The National Museum of Mexican Art has decided to sell its award-winning youth-run bilingual radio station, Radio Arte, and the two-story building on the corner of 18th and Blue Island that’s home to both the station and Yollocalli Arts Reach, the museum’s youth art training program. That’s disturbing news to residents of the rapidly gentrifying neighborhood, where the building’s a cultural anchor, and to the students, teachers, and alumni of both programs.
Last week, as NMMA founder and president Carlos Tortolero was explaining that tight finances in this tough economy made the “difficult decision” necessary, students and alumni of Radio Arte (WRTE, 90.5 FM) were organizing in an attempt to salvage the station. They’ve formed a new nonprofit, the Latino Media Cooperative, which is aiming to bid on the WRTE license, transmitter, and frequency, and name. The goal, according to their mission statement, is “a community-owned and operated radio station that can continue to serve the local community through the 90.5 FM frequency.” At press time, they were attempting to get the bid money together.
Tortolero, reached by phone, wanted to make it clear that the museum itself, which is housed in a separate building (at 1852 W. 19th St.), is not affected. He also says he’s hoping to maintain the youth training programs without the 11,000-square-foot building at 1401 W. 18th St.
“The building that houses our two youth programs requires a lot of maintenance and needs a lot of repairs,” he says. When it became obvious that his lobbying efforts in Springfield wouldn’t be successful this year, he started thinking about the advantages of being a renter, he says—especially when the rent is free. “There are a lot of not-for-profits who house their programs in park [district] spaces or library spaces or other publicly owned buildings. Instead of paying the heat and the electricity, they just pay the phone bill. We can do that.”
NMMA paid $420,000 for the building in 1997; even in this postbubble real estate market, Tortolero asserts, “there’s equity in it.” As for WRTE, he says, “this radio dial thing’s not what it used to be.” NMMA bought the license in 1996 from the Boys & Girls Clubs of Chicago for $12,000. In 2003 they boosted it from a mere eight watts to 73—still not major, but enough to expand its reach on the southwest side and into adjacent suburbs. The only Latino-owned, bilingual, youth-run urban community broadcast station in the nation, it’s won numerous honors for its hands-on training, which has produced alumni like Silvia Rivera, now station manager for Chicago Public Radio’s Vocalo. But these days, Tortolero points out, there’s new competition. If you can podcast and stream, why hang on to a broadcast license? Even so, he says, “We’re going to try to find a buyer who can continue the programs the best way possible.” Chicago Public Media CEO Torey Malatia says he’s submitted some proposals for cooperative management with a future option to buy.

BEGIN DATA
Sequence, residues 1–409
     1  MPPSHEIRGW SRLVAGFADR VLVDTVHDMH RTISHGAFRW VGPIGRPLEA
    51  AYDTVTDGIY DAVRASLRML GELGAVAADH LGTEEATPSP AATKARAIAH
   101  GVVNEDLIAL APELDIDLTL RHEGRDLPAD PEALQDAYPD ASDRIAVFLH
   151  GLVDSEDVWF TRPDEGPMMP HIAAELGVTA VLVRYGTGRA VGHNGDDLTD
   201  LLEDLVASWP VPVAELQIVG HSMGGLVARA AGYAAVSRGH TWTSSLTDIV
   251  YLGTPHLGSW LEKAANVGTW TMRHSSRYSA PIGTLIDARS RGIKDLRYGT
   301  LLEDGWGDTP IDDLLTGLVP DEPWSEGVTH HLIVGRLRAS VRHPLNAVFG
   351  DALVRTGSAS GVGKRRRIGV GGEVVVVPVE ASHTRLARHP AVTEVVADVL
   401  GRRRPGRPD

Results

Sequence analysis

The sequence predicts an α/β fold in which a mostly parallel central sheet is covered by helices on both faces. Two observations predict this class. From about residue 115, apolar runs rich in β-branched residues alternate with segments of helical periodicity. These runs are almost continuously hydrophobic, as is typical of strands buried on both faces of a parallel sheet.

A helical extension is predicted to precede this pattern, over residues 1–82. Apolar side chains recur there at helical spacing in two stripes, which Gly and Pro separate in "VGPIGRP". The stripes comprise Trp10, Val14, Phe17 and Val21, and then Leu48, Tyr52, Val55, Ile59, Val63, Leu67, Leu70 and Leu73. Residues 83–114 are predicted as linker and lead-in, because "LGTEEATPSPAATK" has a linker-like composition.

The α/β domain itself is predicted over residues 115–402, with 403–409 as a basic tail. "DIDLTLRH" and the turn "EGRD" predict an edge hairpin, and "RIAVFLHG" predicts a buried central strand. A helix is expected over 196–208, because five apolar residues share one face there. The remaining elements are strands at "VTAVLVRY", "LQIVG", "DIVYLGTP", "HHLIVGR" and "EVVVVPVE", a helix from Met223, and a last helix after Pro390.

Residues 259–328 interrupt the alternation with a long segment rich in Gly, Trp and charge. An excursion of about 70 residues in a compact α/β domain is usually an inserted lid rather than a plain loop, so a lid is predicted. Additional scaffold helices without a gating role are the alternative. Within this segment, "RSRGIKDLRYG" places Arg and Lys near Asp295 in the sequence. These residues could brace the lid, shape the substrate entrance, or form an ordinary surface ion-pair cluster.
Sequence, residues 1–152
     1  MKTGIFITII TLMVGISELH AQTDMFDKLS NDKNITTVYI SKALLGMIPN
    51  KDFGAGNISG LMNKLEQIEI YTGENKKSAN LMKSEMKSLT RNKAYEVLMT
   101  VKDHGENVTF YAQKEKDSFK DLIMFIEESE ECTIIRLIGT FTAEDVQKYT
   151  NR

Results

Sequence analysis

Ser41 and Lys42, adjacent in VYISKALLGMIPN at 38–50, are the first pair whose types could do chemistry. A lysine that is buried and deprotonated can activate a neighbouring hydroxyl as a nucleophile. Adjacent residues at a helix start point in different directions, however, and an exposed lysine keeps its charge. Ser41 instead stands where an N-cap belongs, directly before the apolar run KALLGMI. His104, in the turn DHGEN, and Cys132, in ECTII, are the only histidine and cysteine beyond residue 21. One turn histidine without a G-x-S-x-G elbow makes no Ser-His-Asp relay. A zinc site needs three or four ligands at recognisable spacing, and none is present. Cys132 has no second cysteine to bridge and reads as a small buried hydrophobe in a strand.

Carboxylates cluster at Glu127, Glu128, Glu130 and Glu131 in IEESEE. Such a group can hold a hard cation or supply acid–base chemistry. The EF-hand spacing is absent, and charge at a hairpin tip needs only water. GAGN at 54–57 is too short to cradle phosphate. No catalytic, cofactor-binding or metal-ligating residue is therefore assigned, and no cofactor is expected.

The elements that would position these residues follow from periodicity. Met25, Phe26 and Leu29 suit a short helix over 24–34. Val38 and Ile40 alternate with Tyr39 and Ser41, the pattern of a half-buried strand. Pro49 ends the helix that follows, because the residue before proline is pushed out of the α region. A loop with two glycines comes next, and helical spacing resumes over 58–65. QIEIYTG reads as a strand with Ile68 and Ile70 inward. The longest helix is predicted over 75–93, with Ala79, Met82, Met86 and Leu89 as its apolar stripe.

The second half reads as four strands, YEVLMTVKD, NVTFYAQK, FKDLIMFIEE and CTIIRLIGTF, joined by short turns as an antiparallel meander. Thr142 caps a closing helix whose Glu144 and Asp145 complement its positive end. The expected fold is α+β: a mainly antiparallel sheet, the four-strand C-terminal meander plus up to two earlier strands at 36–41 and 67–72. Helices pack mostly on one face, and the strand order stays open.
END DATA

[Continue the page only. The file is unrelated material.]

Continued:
As for Yollocalli, Tortolero wants to find a new “base or bases” from which to operate it, and he wants it to travel into the suburbs. More Latinos live outside Chicago than in the city now, he notes, and “most of the kids who attend these programs don’t live in Pilsen. Instead of spending our money maintaining a building, won’t it make more sense to be serving more students?”
NMMA’s total budget is just under $5 million; Radio Arte and Yollocalli together account for about 16 percent of that, according to Tortolero. The fiscal year will end June 30—not necessarily in the black. “It’ll be close,” he says. In fact, the organization has spent more than it’s taken in for most of the last half-dozen years. Cuts were made to both museum staff and the exhibit schedule (down from three main shows annually to two) over the last few years, and the plan going forward is to focus resources on the core mission of keeping the museum itself alive and vital. Of the city’s ten Museums in the Park (all standing on Park District property), NMMA has the distinction of being the only one with free admission for everyone, all the time. That’s not changing, Tortolero says.
Teaching artist Salvador Jimenez—whose Yollocalli students are putting finishing touches on a mural commissioned for Streeterville’s new Children’s Memorial Hospital—says the building functions as an open studio for the youth, a place where they can come early, stay late, and where their work is showcased. “We’ve been there so long, we’ve established a relationship with the youth and the community,” he says. “If we lose the building, that relationship will be the biggest loss.”
Radio Arte alumna and teacher Stephanie Manriquez is part of the group scrambling to form the Latino Media Cooperative. They won’t be bidding on the building: “We won’t have the resources for that, although it’s a home for most of us,” she says. “But the frequency—I think it belongs to the community.”
E-mail Deanna Isaacs at firstname.lastname@example.org.